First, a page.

Most jobs are never advertised, so the best way to fast-track your search and access the hidden job market is via informational interviews a.k.a. networking meetings or informational meetings.
Switch from Reactive to Proactive Job Search Mode
Even with the odds stacked against them, the majority of job seekers resort to online postings as their primary way to find a job. They spend the bulk of their time–along with everyone else– sourcing positions via job boards like indeed.com.
- On average, an employer receives 250 resumes for an open position.
- From those resumes, 4-6 candidates are selected for an in-person interview.
- Only one person gets the offer.
While looking online can give you a sense of what’s out there, it should represent one small part of an integrated job search. Rather than relying on this method, put most of your energy into talking with people who may be connected to companies you’d like to work for.
In one example from Designing Your Life, by Bill Burnett and Dave Evans, when “Kurt” shifted to a targeted networking strategy, he yielded 7 high-quality job offers from 56 conversations. He accessed those roles not by asking for a job but by being curious about those he talked with.
How to Find Good Networking Contacts
First, make a list of the companies you’d like to work for using resources such as your local Book of Lists.
From there, make a list of people to talk with. Start with friends and family, then expand to who you may know in alumni organizations, professional associations, your athletic club, fellow volunteers, and your first-level LinkedIn connections. Do your contacts work for or know someone who works for one of your target companies? Do they have a similar professional background or hold a position that is aspirational for you? Even if they’re not in a related field, don’t eliminate anyone in these early stages.
Finesse Your Request + Skip the Coffee!
Once you’ve made your list, send them a note, adjusting the tone and content based on the nature of your relationship.When you request an informational interview, ask for just 20 to 30 minutes of their time. And to boost your odds of getting a “yes,” ask for a phone call or a video chat. Coffee meetings can seem daunting for busy people, requiring much more time.
For close connections, you could say something like:
“Hi Jackson, I hope this finds you well. Did you make it to New York this summer? I wanted to let you know that I’m in career transition seeking a new senior operations role in consumer products. When you have the chance, I’d love to reconnect and gain your insights, as well as any contacts you think I should be talking with. Do you have a few minutes for a phone call in the next couple of weeks? Thanks in advance, and I look forward to talking with you.” Elaborate and expand as appropriate.
For next-level connections, if you’re not introduced via email or LinkedIn, then mention who referred you and keep the focus on information-gathering:
“Katherine, Jackson Fisher suggested I contact you as an excellent person to talk with about DEF company, your background, and experience as operations director, and to get your perspective on the competitive landscape in your business. Would you have time for a 20-30-minute phone call in the next couple of weeks? Thanks for your consideration, and I look forward to talking with you soon.”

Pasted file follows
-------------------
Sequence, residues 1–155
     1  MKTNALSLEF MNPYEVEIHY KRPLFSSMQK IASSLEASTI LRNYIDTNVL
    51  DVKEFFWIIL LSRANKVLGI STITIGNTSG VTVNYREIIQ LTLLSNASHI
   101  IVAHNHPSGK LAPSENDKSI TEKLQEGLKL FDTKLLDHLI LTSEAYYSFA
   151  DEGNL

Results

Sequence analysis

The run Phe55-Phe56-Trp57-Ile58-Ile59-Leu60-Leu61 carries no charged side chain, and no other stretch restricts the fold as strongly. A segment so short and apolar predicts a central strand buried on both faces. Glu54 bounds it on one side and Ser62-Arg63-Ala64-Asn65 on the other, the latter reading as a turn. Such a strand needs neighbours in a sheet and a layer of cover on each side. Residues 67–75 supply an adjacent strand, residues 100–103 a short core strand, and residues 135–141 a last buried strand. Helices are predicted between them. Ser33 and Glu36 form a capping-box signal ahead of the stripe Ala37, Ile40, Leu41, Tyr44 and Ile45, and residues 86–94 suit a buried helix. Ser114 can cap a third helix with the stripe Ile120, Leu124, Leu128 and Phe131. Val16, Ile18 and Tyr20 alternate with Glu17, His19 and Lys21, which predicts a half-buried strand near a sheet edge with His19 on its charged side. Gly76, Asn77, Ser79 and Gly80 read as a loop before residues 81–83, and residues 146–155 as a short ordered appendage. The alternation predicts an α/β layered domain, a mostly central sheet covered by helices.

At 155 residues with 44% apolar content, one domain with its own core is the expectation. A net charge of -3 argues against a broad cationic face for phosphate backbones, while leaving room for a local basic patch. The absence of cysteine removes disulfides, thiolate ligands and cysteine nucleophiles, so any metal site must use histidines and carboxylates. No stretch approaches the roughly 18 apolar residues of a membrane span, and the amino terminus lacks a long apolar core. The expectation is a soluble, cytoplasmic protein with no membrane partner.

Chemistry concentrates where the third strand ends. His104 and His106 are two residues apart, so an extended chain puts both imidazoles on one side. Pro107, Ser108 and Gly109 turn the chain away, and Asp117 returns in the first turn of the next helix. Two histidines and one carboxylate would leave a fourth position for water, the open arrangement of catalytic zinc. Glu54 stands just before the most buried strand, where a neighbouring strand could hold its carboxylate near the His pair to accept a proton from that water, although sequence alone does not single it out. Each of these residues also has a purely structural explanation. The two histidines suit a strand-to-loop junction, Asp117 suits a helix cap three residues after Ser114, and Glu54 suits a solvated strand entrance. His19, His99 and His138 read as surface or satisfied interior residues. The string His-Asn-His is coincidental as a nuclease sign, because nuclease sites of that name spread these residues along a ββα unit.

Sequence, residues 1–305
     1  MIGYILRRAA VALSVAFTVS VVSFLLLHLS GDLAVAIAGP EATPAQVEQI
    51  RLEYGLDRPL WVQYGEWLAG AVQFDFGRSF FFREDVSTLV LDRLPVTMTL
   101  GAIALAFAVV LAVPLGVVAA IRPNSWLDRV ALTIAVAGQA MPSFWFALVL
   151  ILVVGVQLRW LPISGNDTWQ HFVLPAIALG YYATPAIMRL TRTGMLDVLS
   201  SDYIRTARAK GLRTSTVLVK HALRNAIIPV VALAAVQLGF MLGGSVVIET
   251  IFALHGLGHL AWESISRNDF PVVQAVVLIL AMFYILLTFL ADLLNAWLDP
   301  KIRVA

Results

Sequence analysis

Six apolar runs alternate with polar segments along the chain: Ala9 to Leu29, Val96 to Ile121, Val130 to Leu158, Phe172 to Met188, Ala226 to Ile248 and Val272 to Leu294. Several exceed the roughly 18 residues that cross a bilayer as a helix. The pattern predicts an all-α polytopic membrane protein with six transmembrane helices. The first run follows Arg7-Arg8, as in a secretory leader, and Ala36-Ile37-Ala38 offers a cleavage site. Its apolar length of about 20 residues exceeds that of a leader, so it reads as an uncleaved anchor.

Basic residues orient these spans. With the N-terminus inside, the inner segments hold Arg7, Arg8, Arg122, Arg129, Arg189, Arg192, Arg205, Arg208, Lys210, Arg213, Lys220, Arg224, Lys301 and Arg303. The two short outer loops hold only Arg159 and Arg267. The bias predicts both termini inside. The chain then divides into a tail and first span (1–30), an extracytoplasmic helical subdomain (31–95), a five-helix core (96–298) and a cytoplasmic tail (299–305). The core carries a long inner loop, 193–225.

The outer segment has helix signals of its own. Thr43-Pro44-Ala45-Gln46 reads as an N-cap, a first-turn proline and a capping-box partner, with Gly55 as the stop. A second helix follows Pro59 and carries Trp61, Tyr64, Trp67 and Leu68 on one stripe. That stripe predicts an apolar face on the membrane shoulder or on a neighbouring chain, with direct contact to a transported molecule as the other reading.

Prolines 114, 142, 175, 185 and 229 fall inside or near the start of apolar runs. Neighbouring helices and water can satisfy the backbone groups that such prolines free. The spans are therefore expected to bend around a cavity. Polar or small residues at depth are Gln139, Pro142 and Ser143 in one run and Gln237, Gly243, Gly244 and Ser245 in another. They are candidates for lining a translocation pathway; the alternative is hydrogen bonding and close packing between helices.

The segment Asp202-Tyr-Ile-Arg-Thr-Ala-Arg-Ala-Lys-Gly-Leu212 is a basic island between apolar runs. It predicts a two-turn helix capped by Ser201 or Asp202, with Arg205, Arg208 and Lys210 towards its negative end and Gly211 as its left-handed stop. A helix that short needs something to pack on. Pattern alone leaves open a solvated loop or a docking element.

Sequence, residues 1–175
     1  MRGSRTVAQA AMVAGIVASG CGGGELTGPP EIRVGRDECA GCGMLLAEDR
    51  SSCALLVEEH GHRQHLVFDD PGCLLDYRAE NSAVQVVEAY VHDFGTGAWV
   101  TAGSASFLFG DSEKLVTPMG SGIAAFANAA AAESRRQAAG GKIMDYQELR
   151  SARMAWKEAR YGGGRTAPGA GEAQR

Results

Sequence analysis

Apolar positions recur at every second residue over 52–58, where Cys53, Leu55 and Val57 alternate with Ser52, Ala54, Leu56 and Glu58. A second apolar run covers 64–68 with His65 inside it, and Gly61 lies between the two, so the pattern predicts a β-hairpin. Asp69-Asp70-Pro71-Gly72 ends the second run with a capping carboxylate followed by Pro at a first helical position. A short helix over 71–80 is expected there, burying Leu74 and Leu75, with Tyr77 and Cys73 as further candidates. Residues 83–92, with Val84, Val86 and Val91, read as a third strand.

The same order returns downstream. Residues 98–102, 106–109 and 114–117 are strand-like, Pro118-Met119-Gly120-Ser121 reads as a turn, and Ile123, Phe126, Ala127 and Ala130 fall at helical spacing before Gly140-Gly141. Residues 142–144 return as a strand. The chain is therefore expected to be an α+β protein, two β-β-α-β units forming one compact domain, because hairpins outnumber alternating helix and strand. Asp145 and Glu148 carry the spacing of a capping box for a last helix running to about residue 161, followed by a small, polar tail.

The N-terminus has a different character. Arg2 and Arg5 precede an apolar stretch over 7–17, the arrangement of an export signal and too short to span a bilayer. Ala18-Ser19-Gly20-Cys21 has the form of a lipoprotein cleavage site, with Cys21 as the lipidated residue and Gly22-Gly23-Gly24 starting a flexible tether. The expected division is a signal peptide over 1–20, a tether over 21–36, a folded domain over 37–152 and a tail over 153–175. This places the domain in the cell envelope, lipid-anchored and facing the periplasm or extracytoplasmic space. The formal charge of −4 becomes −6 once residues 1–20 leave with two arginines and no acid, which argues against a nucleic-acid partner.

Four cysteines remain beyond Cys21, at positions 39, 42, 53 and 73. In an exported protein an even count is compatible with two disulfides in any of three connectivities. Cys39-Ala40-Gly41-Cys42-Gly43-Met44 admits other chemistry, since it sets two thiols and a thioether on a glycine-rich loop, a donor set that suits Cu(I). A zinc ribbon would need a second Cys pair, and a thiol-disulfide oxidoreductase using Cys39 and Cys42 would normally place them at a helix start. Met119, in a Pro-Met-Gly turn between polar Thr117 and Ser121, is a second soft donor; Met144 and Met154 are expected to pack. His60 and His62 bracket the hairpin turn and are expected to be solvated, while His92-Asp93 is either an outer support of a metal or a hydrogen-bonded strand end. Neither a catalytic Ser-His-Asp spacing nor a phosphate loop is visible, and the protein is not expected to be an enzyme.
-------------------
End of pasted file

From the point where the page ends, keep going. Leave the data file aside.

For people you don’t know, consider using LinkedIn InMail (via a premium account, a consideration for the duration of your search). Talk about how they got on your radar and why you’d like to talk with them:
“Dear Thomas, I recently read your article on LinkedIn about building stronger customer relationships–a topic I’m passionate about as a senior customer success executive. I’d love to hear more about your career trajectory and your experience creating the incentive program you mentioned in the article. Would you have time for a quick 20-minute phone call? Thanks for your consideration.”
The Top Conversation Killer
The #1 mistake job seekers make in an informational interview is to ask, “Do you know of any job openings in your company?” or “Do you know of any available opportunities?”
This approach can shut the conversation down fast. What if your contact doesn’t know about any open jobs? Remember, your goal is information, so come from a place of genuine curiosity. Honor the timeframe you requested and make a short list of questions that can include:
- Tell me about your role at ABC Company.
- What’s it like to work there?
- What are your biggest challenges?
- What are the biggest opportunities you see in your work / at your company / the industry?
Your Main Goal
As you wrap up, ask who in their network would be good for you to talk with. As you continue conversations, you’ll likely surface job opportunities.
At some point, your contact will probably ask what you’re looking for. Connect the dots and be clear about your target role(s) and companies of interest. Avoid saying “I’m open to anything.” Being too broad about your goals makes it hard for people to know where you’d fit. If you’re pursuing two paths, say, “I’m looking at either sales management or direct sales roles in hospitality or food and beverage companies.
The Final Steps
Finally, remember to ask how you can help them. Just like your contact, you’re a professional and you’ve accumulated knowledge, experience, and connections. Be generous and reciprocate however you can.
Thank them just as you would for a regular job interview, both as you end the conversation and with a follow-up thank you email or note. Thank them for their time, stay in touch, and let them know when you do land a new job.
I’m Dalena Bradley, job interview and career marketing coach dedicated to helping you communicate your value, stand out from the competition, and win the job!
Contact me to discuss how we can collaborate.